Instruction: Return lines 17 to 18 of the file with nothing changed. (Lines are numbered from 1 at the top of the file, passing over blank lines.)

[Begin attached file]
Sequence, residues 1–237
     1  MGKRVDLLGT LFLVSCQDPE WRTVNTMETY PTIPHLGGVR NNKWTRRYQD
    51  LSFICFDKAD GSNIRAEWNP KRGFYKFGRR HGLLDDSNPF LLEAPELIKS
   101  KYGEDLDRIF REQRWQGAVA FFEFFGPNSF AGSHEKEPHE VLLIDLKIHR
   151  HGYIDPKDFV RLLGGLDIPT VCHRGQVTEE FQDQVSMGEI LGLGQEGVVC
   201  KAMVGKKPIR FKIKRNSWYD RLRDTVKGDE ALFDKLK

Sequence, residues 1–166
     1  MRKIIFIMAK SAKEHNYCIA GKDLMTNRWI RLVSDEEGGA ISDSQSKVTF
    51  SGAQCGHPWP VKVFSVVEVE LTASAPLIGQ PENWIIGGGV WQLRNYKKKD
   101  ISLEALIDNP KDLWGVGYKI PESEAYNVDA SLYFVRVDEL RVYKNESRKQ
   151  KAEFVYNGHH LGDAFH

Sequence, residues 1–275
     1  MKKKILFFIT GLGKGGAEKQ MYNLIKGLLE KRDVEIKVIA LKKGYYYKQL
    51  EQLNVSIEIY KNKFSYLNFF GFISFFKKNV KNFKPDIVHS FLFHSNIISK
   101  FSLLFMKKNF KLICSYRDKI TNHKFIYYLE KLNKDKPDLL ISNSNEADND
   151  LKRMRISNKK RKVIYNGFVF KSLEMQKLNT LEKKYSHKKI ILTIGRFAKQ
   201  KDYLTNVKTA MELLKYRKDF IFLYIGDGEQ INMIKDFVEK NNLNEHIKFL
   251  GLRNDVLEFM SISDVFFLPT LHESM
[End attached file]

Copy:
   201  KDYLTNVKTA MELLKYRKDF IFLYIGDGEQ INMIKDFVEK NNLNEHIKFL
   251  GLRNDVLEFM SISDVFFLPT LHESM